“It’s meant to connect to the servers, nothing else … “You can download the configuration files anyway – so removing the ability to see the random password would not prevent an adversary with temporary access to the control panel from logging on with your account. Removing the plaintext password would not make it more secure, but it would make it less convenient. I think it’s less secure for a VPN provider to expect the user to use the same password they signed up with to be stored in VPN connections and configuration files. Here we generate a random password, that’s hardly ever used (except PPTP).”
On an altogether more positive note, the fact that TorVPN’s encryption is achieved using AES 256-bit, with 4096-bit RSA for handshaking purposes and SHA-256-bit authentication over OpenVPN is admittedly impressive, and should theoretically be unbeatable by everyone bar sophisticated governmental adversaries. You may choose to use PPTP, or SSH tunneling, but it would be an inadvisable course of action, unless OpenVPN wasn’t an option – security and privacy-wise – though pure speed would be a valid-ish reason. Dynamic Port Forwarding is also available as seen in the Account Area screenshot above.
TorVPN’s website is a class act all the way through. The front-page is informative but well-spaced, and more than readable. Menus are well-placed and easily accessible. Furthermore, you aren’t inundated with too many options screaming for attention, as the sidebar and dropdown menus serve to break up the options well. It was simple to find setup guides, server locations and the FAQ section, as well as a list of disposable proxies and emails. The download section was similarly painless to navigate to, and there’s a quick IP checker as well.
The client (My Account) area was no less simple to navigate through, though far from simplistic in design – again – without overdoing it. The subsection on the sidebar mirror their counterparts on the homepage, except for the Warrant Canary, and Quota parts, the latter of which shows your full usage statistics. That quota data would be especially useful for those users with a limited data allowance. Ultimately, It’s always a bonus to interact with a well-designed website, and TorVPN are definitely in the upper echelon in that regard.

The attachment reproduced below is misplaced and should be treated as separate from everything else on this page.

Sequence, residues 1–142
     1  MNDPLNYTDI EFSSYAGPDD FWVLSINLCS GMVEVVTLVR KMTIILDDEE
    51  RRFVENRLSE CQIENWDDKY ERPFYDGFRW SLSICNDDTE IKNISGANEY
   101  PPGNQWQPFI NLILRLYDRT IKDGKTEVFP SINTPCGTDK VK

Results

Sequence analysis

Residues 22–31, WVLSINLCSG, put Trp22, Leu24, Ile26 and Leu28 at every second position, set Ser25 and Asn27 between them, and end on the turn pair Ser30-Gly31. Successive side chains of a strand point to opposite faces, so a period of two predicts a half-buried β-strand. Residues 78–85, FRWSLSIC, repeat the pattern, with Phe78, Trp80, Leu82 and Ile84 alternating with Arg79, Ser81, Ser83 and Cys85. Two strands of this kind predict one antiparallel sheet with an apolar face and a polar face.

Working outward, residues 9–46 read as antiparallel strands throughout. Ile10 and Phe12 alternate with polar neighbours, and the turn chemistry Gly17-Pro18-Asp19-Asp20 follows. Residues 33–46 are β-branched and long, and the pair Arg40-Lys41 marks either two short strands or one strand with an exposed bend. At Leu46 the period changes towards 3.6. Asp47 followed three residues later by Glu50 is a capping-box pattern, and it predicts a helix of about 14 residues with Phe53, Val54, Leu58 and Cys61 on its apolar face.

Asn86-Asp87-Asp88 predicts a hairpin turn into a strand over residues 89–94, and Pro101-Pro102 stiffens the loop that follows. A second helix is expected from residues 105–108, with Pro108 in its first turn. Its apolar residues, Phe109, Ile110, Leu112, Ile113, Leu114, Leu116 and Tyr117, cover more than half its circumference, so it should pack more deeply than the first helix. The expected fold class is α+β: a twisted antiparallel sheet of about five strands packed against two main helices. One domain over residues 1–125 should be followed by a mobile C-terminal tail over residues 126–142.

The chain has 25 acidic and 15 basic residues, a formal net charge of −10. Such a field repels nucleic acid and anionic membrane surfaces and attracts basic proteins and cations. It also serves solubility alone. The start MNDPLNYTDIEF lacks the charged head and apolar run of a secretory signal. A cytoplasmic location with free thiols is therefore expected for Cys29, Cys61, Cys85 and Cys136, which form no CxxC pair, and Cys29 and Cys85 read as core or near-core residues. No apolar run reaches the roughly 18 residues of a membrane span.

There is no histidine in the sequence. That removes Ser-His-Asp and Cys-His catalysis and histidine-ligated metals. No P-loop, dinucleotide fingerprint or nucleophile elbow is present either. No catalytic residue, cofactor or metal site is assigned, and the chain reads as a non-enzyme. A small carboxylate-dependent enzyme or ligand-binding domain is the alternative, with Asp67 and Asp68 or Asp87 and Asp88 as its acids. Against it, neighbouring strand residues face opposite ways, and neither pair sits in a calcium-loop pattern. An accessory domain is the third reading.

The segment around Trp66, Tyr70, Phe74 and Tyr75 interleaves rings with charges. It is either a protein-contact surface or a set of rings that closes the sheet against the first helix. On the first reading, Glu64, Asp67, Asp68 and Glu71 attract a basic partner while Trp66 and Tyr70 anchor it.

Support could improve with a 24/7 Livechat window (which purportedly exists), though I only experienced ticket support. That said, the responses were within 24 hours and quite courteous, not to mention, thorough.
Detailed setup guides are present for each available protocol, and TOR over VPN (discussed in the other platforms section further on). The guides were exhaustive without pandering – appropriate for novice and power users alike.
Unfortunately, troubleshooting resources consist of only a single FAQ page, well populated as it may be. It would be excellent to see an expanded section and perhaps a user forum implemented to fully flesh out bugs and overall service concerns, establishing a balanced dialogue between company and clientele.
Signing up is quite easy, just enter you desired username and password, and an email address. You’ll be prompted to the Account Area to choose your plan and proceed to payment.
Once you’ve completed payment via the billing tab, there’s only a bit of legwork before you’re web-connected through TorVPN. Check your email inbox for how to proceed. Alternatively, jump over to the relevant setup guide, download the OpenVPN GUI (if it isn’t already on your machine), and follow the instructions to copy/paste the configuration files in the relevant folder. The process was well laid out, and took me about five minutes to get through. Yes, it’s a one-time effort.
Admittedly, TorVPN should look towards providing at least a bespoke Windows client in the future, including DNS leak protection, a killswitch, and IPv6 leak protection in terms of being forward-thinking. Users will have to settle for getting a bit more hands-on with more nuanced OpenVPN setup.
Performance (Speed, DNS, WebRTC and IPv6 Tests)
Speed testing was conducted on a 30 Mbps test connection. In line with the superb encryption employed in the software, TorVPN didn’t have the absolute best speed I’ve come across. However, their speed was above average to adequate nearly always. Connection and disconnection from any particular server was a speedy process no more than 15 seconds either way.
I found the Hungarian servers particularly speedy, averaging a bit over 20 Mbps downstream, and 2 upstream. As a reminder, TorVPN physically host and recommend the Hungarian server. US speed hovered around the 3 Mbps mark, which still isn’t bad, but could affect high-quality streaming. Then again, geographic proximity to our test location also impacts the numbers. I was quite pleased with the overall speed performance.
|Graphs show highest, lowest and average speeds for each server and location. See our full speed test explanation for more detail.|
You are vulnerable to the WebRTC bug (click for a quick guide) when using TorVPN but, as it isn’t a strictly provider based issue, it isn’t worth faulting the them for. We at BestVPN would like to see it accounted for provider-side in the industry, and would certainly give special praise to early adopters. Check both ipleak.net and testipv6.com periodically for any DNS leakage (which somewhat invalidates using and paying for a VPN in the first place!)
Commendably, TorVPN suffered no other DNS leaks during the course of testing, despite its hefty encryption. Skype calls were quite possibly the best I’ve ever experienced, on a more personal note.